The people walking in darkness have seen a great light; on those living in the land of the shadow of death a light has dawned.
One of the themes that connects the seasons either side of Christmas – Advent and Epiphany – is light. A number of artists in the 16th and 17th century painted a scene that was usually called The Adoration of the Shepherds. A common feature in all of these paintings is that the faces of the people crowding around the manger are illuminated by the light that emanates from the baby lying there. This use of light is striking although not all artistic representations of the birth of Jesus use light in quite that way. In many ways, light is comforting: the lights of port as a ship comes towards harbour; the lights of home after a long journey.
At the end of November a photograph was published in a newspaper that had been taken of the village Swaledale when the snow hit Scotland and the north of England. The photograph shows houses across a snowy landscape are lit by a warm glow as dusk settles over the valley and it looks a cosy and inviting scene.
The idea that people find cottages with lighted windows to be an attractive sight has made a fortune for Thomas Kincade. Kincade is the man who paints the scenes that have been printed an hung in thousands of homes and been put on thousands of jigsaws. An earlier American artist, Edward Hopper, painted Nighthawks, by an earlier American artist, Edward Hopper.
Both of these artists have used the attractive quality of light in their paintings – one of a rural cottage, the other of an urban all-night diner. Both paint their subjects in a stylised fashion, but while one presents a cosy, fairytale image that could be a still from a Walt Disney animated film, the other tells a different story. We wonder what brings together these four characters in Hopper’s Nighthawks. The couple have perhaps been out on the town, but what of the man sitting alone? What bills must the server have to pay that makes working alone through the night a necessity?
Victoria Wood made a documentary a few years ago about weight-loss dieting. She had a lot of interesting things to say about why people are large and want to be smaller. Her conclusion seemed to be that we eat to fill an inner emptiness. She said this: ‘It’s the burger bars that shine out into the darkness. It’s the Chinese chippies. It’s the kebab shop. Food and light and human contact. They are warm and it’s a cold world.’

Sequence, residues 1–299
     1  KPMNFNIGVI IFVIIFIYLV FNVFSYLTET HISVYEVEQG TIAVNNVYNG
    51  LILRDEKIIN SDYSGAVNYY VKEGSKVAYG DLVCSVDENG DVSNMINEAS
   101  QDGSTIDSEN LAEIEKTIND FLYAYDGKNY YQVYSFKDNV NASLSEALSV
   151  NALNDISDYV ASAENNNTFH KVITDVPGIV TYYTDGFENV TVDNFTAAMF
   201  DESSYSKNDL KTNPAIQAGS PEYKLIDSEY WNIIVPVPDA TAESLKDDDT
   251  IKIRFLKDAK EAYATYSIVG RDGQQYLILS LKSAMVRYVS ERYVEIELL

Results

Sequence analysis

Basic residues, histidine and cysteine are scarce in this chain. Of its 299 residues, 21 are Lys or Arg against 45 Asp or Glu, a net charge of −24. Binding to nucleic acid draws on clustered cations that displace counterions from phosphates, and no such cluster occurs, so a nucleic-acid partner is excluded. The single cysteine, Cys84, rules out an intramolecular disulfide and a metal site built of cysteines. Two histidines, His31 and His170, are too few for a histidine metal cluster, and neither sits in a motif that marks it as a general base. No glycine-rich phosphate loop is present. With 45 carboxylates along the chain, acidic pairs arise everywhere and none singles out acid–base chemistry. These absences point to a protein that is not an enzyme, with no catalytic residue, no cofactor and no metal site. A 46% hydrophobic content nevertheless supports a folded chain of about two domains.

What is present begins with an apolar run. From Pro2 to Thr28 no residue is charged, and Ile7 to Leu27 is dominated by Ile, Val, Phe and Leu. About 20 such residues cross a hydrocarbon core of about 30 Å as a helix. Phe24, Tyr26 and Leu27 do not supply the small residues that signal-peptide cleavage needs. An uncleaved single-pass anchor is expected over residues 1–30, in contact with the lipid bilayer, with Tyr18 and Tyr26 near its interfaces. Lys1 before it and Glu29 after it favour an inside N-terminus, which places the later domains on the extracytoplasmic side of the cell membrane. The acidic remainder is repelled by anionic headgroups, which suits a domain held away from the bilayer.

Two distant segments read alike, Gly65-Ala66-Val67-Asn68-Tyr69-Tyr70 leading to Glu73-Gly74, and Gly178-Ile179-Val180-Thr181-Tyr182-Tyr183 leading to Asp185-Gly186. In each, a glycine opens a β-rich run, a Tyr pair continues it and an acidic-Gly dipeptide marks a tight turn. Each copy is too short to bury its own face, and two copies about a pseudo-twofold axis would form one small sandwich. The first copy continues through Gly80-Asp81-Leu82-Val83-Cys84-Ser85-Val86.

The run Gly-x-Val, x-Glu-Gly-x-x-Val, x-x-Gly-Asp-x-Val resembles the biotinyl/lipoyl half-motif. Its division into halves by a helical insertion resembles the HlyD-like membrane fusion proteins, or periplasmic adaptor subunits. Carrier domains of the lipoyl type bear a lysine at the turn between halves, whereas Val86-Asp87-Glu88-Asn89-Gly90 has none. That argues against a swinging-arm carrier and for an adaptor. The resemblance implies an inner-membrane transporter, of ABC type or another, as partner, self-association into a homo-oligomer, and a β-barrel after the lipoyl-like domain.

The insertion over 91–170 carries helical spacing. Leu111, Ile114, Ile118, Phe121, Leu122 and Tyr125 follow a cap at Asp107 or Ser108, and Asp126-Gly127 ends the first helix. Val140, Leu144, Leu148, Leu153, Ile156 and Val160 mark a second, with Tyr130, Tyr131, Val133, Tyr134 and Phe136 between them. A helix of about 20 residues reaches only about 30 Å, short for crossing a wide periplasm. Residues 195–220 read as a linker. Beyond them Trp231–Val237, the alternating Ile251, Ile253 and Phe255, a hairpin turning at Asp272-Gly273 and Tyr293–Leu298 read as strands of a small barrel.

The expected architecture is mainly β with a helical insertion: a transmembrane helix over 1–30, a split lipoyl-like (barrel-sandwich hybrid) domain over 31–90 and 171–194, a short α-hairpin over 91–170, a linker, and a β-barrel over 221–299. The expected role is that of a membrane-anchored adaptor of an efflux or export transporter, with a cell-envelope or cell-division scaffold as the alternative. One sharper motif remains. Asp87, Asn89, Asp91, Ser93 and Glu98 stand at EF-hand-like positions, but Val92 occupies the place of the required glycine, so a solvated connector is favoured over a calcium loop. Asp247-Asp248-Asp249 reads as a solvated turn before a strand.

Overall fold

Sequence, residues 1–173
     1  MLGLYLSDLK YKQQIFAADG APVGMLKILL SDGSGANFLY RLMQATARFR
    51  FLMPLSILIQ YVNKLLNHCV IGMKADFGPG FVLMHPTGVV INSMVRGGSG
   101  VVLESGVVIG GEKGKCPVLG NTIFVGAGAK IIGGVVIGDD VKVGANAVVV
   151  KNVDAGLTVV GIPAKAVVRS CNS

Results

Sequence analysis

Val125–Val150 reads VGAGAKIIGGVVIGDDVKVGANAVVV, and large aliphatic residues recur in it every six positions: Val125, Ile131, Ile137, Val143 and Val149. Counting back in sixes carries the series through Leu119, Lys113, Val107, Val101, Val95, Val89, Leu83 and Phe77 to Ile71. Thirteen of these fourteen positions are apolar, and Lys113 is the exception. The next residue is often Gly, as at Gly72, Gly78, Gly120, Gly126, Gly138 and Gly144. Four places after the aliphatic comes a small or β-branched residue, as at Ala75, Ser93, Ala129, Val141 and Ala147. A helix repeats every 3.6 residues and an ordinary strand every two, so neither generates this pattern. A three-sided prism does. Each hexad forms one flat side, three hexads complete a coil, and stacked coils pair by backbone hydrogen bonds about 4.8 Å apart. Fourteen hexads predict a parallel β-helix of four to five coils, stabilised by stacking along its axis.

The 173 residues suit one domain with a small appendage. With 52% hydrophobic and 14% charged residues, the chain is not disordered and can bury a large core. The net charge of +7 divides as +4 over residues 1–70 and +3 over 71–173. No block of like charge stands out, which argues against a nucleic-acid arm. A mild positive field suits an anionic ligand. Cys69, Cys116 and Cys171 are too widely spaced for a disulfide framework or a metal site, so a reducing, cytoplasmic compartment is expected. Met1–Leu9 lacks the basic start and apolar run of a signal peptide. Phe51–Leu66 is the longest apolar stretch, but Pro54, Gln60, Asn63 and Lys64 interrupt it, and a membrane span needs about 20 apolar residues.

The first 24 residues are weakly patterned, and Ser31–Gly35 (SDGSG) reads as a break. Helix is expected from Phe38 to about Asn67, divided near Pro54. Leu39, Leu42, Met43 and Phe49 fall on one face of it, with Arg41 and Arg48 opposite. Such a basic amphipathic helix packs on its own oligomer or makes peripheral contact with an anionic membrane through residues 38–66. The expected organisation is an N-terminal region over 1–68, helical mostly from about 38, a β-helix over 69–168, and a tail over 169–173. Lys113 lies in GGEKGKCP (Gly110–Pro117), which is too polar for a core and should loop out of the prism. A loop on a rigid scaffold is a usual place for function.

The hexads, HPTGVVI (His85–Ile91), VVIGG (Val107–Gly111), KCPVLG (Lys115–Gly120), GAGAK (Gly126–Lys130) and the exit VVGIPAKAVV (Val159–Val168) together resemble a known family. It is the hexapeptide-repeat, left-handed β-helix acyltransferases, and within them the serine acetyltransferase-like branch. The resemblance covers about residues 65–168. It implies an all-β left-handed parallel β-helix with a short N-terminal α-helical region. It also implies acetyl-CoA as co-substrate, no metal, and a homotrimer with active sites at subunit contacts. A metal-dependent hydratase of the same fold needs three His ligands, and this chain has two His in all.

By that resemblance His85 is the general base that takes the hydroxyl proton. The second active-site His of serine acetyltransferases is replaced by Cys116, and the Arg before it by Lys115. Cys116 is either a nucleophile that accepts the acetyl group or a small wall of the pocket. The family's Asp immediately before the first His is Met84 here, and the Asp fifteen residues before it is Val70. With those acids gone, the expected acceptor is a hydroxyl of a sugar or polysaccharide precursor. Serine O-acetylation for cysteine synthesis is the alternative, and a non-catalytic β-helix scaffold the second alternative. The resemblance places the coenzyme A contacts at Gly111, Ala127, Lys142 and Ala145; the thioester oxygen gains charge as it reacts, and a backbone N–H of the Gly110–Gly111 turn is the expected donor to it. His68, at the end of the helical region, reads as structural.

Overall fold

It can be a cold world and I remember thinking at the time that it is a sorry reflection on us in our churches when the fast food outlets are the places that give the warmest welcome. Warmth, food and light and human contact – these wouldn’t be bad things to offer as part of a church’s mission statement.
But it’s light that I’m thinking about here and up until now I have been concentrating on lights that are warm and comforting, but there are other sorts of light.
Shining a light into dark corners doesn’t always go down well – just ask Julian Assange. Mr Assange is on bail awaiting extradition for charges filed against him in Sweden. However it’s probably safe to safe to say that other countries would like to get him into court, because Wikileaks, his website, has shone a torch on a lot of places that a lot of governments would have preferred to have kept out of the light. Now, I’m not sure that I want everything that our government says to any other government known. Just as it seems reasonable to have privacy in personal relationships, so it’s also reasonable that there should be privacy in international relationships. However, it does seem right that light be shone on the corrupt and unjust practices of governments and international business. I guess that what we need is someone who has unimpeachable integrity and who is willing to give himself completely in the cause of justice and whose very life – and death – radiates light. But where might we find such a person?
I guess that those artists from the classical period knew where to find that person. They saw that the child in the manger shines with a light that both warms and exposes. Maybe we might think of this light as the light that emanates from a lighthouse – warning mariners of dangerous rocks ahead.
There is one final picture that could combine both the warming and the warning elements of light. This is William Holman Hunt’s painting, The Light of the World, the original of which is hung in Keble College Chapel, while a life- size copy can be found in St Paul’s cathedral. The painting is based on a verse from Revelation: “Behold, I stand at the door and knock; if any man hear my voice, and open the door, I will come in to him, and will eat with him, and he with me.” I wonder if it would be wrong to rework the painting and even this verse. It’s just that as I see the figure of Jesus, standing at the door with a lamp, I can’t help thinking that as well as standing at the door and knocking to be admitted, Jesus also holds up a lamp to welcome us home where we will share a feast with him. In the words of Coldplay, “Lights will guide you home”. Jesus, who has walked the path that we walk holds a lamp to light our path and then waits with a lamp by the door to the home that he has prepared for us. If we are prepared to look, we will find our way home and there we will eat and drink with him.